Jaguar conservation in Brazil’s Pantanal
Today The New York Times featured an article by J. MADELEINE NASH on conflicts between jaguar conservation efforts and cattle ranchers in the Pantanal. A couple of interesting points:
- Panthera, a big cat conservation group, has recently acquired two ranches which it plans to operate for the purpose of testing techniques for reducing livestock-jaguar interactions. The results may help other ranchers in the region to “adopt range management practices that encourage co-existence over conflict.”
- The Pantanal may contain 15 percent of the world’s remaining population of jaguars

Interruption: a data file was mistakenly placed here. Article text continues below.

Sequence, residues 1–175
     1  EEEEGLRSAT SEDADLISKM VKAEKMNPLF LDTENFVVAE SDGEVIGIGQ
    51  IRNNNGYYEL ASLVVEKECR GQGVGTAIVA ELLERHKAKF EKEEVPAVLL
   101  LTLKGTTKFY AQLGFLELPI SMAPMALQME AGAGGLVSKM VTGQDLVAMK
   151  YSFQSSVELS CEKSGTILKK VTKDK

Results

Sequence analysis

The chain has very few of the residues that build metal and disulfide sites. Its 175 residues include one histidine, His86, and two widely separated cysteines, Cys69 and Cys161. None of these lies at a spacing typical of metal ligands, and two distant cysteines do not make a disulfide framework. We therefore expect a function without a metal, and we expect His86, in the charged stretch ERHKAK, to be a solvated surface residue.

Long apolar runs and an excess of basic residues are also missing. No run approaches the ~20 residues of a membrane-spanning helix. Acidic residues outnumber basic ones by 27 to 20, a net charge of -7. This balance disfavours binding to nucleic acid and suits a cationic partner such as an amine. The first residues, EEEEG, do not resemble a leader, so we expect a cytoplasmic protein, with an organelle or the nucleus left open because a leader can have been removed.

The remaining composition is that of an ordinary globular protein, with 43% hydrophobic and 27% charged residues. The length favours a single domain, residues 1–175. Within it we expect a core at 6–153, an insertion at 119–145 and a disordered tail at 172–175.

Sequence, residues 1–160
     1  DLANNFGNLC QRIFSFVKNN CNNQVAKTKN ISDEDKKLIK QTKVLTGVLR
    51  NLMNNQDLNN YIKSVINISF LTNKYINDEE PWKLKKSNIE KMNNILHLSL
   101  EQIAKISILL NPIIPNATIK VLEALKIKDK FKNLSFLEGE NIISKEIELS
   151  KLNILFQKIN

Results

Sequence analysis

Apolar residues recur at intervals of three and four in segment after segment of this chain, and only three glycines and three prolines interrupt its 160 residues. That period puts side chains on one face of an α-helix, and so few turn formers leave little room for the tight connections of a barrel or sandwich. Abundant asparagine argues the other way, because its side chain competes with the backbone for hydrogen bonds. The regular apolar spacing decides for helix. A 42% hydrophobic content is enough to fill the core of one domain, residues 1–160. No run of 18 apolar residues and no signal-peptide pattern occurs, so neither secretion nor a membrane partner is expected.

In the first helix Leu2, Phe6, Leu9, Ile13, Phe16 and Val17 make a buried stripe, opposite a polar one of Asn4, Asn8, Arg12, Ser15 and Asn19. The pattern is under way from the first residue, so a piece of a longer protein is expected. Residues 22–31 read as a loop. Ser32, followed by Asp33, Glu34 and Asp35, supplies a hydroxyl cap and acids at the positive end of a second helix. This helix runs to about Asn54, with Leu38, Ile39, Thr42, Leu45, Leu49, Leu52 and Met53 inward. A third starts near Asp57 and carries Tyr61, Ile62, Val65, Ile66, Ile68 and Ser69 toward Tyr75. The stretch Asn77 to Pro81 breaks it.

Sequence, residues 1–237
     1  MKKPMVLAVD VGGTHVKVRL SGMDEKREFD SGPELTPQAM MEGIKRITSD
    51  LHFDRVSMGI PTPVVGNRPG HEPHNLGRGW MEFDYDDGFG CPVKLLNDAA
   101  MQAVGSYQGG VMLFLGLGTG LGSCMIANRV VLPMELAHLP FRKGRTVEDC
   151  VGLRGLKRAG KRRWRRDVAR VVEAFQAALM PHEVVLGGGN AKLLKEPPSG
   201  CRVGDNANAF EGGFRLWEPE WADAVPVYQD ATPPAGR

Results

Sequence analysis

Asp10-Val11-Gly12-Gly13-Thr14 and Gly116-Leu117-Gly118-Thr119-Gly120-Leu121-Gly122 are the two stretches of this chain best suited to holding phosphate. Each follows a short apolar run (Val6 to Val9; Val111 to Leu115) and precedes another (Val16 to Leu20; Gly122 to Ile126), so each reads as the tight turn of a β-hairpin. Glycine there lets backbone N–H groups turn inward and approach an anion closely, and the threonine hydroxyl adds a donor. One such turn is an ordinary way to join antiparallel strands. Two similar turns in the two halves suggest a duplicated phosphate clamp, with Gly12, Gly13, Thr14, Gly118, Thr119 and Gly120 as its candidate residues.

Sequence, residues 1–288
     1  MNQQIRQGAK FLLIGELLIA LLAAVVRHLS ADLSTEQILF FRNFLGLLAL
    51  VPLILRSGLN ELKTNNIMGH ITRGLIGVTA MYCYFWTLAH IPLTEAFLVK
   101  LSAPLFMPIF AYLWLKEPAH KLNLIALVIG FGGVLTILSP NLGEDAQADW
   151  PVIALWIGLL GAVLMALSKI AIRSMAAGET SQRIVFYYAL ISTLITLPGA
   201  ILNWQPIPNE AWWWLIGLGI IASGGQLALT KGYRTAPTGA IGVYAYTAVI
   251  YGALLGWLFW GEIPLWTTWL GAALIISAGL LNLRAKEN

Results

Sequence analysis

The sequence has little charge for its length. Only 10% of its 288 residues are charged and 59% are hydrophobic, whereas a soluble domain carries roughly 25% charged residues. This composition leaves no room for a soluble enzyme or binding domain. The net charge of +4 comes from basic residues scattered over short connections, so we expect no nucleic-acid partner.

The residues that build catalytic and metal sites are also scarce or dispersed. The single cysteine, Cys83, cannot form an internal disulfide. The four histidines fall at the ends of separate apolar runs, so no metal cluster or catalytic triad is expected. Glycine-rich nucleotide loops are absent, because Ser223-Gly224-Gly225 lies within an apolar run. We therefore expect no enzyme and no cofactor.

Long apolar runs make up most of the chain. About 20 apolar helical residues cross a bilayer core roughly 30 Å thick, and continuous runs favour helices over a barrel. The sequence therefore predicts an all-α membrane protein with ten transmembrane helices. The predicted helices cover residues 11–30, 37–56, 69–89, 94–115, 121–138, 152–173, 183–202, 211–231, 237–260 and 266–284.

- On some ranches jaguars provide landowners with an additional source of income in the form of ecotourism: “several ranches in the Pantanal, San Francisco among them, run ecotourism operations that have turned a liability into a valuable asset.”
- Keeping water buffalo with cattle herds reducing depredation by jaguars. Buffalo “appear to surround cattle in a broad, protective umbra.”
- While it is illegal to kill jaguar in Brazil, laws are poorly enforced and perverse incentives encourage the practice.
- Ranchers exaggerate their cattle losses to jaguar while understating larger causes of mortality (i.e. disease). Jaguar found scavenging livestock corpses are often blamed for killing animals that died from another cause.